Critical Theory and the Significance of AnthropologyMarch 30-31, 2022 University of Potsdam
House 9, Room 2.05
Am Neuen Palais 10, 14469 Potsdam
In the early twentieth century, anthropology emerges as an independent discipline of philosophy. This philosophical anthropology is already subjected to a radical critique in the 1930s. According to Max Horkheimer, not only the realization, but even the task of such anthropology is impossible. Anthropology that examines the nature of human beings is thereby replaced by a critical social theory locating human beings within a historically concrete society. The critique of anthropology continues in the public debate between Arnold Gehlen and Theodor W. Adorno (1965) on whether sociology can be conceived of as a “Wissenschaft vom Menschen”. But how can this critical relation towards anthropology be understood more precisely? Does it perhaps result in an anthropological deficit – for instance with regard to the normative foundation of social critique? Or does Critical Theory import various anthropological resources from its important sources of reference (Kant, Hegel, Marx, Freud, etc.)? If there is an implicit anthropology – as the reference to a “dialectical anthropology” in the preface to the Dialectic of Enlightenment might suggest – the question arises why there has been no explicit treatment of it.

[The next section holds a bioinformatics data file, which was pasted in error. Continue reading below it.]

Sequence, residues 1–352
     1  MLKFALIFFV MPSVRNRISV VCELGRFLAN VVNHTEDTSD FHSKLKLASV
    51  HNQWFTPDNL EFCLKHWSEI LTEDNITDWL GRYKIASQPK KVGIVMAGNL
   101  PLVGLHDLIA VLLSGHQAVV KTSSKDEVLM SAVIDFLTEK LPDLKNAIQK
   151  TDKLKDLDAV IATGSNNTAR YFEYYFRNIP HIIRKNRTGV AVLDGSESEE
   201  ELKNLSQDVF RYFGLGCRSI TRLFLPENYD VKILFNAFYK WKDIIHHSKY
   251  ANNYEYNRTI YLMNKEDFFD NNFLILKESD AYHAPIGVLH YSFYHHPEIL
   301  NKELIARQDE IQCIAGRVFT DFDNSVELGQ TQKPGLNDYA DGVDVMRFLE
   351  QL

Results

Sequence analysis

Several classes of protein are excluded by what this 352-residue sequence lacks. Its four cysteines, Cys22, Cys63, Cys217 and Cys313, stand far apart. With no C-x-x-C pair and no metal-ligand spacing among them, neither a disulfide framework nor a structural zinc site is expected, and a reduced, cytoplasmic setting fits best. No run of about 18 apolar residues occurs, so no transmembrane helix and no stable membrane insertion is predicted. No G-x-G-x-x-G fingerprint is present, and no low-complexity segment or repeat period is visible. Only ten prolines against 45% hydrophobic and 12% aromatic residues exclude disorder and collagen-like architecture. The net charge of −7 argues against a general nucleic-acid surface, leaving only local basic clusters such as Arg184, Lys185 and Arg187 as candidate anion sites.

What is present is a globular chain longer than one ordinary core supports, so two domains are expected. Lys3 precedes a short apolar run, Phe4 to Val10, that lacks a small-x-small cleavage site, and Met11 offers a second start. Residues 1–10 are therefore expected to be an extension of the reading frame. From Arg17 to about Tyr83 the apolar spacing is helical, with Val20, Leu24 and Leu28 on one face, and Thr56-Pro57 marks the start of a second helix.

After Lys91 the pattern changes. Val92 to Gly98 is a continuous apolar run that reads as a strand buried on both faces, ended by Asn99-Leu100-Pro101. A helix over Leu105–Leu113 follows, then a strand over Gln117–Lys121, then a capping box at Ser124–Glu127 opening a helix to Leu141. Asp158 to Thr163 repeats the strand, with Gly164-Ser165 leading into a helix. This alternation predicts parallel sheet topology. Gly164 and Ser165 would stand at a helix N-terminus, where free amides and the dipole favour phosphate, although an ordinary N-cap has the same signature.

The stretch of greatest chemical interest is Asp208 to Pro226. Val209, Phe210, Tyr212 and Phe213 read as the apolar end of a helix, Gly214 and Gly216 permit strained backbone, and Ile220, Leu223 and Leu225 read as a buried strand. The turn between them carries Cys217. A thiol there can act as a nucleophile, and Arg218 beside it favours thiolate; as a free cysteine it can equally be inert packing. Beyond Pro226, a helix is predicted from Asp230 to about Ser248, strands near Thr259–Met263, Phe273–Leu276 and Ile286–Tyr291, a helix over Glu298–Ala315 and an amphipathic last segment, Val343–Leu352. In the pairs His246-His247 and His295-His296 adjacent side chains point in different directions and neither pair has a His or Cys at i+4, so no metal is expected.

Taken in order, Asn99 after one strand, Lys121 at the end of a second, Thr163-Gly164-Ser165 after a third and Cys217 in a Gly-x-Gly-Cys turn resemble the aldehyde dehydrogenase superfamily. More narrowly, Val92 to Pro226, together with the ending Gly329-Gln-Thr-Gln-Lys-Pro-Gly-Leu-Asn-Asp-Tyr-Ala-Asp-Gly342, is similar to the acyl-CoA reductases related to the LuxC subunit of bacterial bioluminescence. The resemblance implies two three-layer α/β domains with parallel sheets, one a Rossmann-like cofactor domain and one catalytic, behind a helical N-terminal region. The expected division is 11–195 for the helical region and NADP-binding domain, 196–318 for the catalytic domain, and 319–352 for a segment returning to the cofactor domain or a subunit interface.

Starting from these questions, the workshop aims to clarify the significance of anthropological considerations within Critical Theory and to specify its implicit conception of human beings. It invites contributions not only on the early Critical Theory, but also on further developments in Critical Theory. It is particularly interesting in this context that the critique of anthropology does not have to be interpreted as its rejection, but can rather be understood as a deepening of its own problems.
Walter Benjamin, Schema zur Anthropologie